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Intermittent inverse-square Lévy walks are optimal for finding targets of all sizes

Abstract : Lévy walks are random walk processes whose step lengths follow a long-tailed power-law distribution. Because of their abundance as movement patterns of biological organisms, substantial theoretical efforts have been devoted to identifying the foraging circumstances that would make such patterns advantageous. However, despite extensive research, there is currently no mathematical proof indicating that Lévy walks are, in any manner, preferable strategies in higher dimensions than one. Here, we prove that in finite two-dimensional terrains, the inverse-square Lévy walk strategy is extremely efficient at finding sparse targets of arbitrary size and shape. Moreover, this holds even under the weak model of intermittent detection. Conversely, any other intermittent Lévy walk fails to efficiently find either large targets or small ones. Our results shed new light on the Lévy foraging hypothesis and are thus expected to affect future experiments on animals performing Lévy walks.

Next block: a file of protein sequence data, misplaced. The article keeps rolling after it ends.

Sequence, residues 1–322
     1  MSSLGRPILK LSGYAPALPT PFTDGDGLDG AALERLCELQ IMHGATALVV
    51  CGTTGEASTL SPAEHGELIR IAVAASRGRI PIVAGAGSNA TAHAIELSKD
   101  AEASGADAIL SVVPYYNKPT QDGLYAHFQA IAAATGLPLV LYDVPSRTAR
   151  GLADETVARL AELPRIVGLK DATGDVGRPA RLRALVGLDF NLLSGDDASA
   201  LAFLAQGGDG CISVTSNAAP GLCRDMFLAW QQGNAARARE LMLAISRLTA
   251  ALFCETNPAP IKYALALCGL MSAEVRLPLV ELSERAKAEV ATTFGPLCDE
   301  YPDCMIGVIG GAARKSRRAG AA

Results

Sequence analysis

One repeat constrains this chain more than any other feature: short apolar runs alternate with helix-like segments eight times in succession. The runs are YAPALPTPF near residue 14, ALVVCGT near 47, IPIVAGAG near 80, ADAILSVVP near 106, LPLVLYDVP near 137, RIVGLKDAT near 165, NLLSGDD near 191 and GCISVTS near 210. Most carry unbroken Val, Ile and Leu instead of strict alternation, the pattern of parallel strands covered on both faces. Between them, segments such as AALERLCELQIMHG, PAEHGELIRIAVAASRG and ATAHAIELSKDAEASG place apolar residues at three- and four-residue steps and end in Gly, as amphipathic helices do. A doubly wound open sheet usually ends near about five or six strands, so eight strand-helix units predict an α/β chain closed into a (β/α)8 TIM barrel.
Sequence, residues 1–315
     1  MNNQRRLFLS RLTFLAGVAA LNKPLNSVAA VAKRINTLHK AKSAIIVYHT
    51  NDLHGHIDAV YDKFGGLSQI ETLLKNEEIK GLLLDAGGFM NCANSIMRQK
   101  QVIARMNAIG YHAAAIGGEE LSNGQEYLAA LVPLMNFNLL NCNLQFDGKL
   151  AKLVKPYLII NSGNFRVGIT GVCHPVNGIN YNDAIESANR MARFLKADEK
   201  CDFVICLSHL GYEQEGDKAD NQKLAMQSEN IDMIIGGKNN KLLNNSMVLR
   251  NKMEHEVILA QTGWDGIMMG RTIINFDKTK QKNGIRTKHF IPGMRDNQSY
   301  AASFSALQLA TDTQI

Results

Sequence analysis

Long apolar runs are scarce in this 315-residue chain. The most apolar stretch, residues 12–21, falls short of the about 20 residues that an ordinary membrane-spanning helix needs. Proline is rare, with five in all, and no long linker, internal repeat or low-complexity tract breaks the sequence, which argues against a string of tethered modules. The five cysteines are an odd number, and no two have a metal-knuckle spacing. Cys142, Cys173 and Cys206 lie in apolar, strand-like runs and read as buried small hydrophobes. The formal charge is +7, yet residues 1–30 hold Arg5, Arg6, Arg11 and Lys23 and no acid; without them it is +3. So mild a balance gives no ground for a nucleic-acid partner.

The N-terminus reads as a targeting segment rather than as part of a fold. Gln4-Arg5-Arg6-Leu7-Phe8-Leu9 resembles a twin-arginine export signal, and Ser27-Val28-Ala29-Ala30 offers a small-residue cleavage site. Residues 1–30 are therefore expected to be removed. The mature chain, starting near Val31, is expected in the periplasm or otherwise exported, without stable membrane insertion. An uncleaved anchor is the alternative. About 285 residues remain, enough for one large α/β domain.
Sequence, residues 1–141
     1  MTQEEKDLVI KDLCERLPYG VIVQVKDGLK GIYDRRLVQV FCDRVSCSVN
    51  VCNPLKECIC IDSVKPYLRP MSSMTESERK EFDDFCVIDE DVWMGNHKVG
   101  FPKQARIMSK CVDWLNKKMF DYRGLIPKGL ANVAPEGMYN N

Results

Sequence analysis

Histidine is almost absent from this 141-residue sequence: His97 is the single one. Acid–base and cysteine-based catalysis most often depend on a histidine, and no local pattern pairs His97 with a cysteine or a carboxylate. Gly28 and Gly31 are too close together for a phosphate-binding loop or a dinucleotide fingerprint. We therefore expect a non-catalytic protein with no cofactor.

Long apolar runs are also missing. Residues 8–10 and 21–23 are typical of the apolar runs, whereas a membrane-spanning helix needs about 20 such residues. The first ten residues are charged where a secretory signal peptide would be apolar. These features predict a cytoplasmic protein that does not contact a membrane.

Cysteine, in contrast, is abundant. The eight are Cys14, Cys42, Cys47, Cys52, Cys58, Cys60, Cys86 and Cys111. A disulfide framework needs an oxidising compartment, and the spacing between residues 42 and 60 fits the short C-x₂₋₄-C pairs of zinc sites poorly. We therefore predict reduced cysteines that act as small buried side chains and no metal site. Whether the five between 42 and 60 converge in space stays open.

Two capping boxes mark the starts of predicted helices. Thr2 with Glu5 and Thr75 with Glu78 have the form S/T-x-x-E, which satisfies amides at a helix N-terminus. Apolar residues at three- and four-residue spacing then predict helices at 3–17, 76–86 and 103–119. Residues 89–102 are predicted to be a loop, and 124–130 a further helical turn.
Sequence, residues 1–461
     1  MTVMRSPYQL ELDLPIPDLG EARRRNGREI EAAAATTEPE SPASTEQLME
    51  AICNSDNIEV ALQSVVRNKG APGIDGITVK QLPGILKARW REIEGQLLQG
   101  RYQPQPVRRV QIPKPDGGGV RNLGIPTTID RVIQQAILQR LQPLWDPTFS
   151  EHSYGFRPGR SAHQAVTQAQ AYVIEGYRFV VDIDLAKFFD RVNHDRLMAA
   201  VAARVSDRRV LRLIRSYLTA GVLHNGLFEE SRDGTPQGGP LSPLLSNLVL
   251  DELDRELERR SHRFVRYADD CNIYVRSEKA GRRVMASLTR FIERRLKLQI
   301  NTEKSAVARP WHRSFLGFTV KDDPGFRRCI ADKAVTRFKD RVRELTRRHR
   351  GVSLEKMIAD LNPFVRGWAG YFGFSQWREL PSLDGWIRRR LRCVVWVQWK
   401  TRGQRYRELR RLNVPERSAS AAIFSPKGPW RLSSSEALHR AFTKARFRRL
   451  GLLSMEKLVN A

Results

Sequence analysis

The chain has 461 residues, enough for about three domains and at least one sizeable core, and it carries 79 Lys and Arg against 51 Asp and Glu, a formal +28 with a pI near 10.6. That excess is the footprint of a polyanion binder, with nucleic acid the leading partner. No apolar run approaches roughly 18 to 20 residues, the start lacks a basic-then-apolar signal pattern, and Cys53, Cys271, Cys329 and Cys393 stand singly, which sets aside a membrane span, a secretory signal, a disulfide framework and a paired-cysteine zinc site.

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Contributor : Amos Korman Connect in order to contact the contributor
Submitted on : Sunday, October 10, 2021 - 1:09:41 PM
Last modification on : Tuesday, September 6, 2022 - 1:27:18 PM


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Brieuc Guinard, Amos Korman. Intermittent inverse-square Lévy walks are optimal for finding targets of all sizes. Science Advances , 2021, 7 (15), pp.eabe8211. ⟨10.1126/sciadv.abe8211⟩. ⟨hal-03371952⟩



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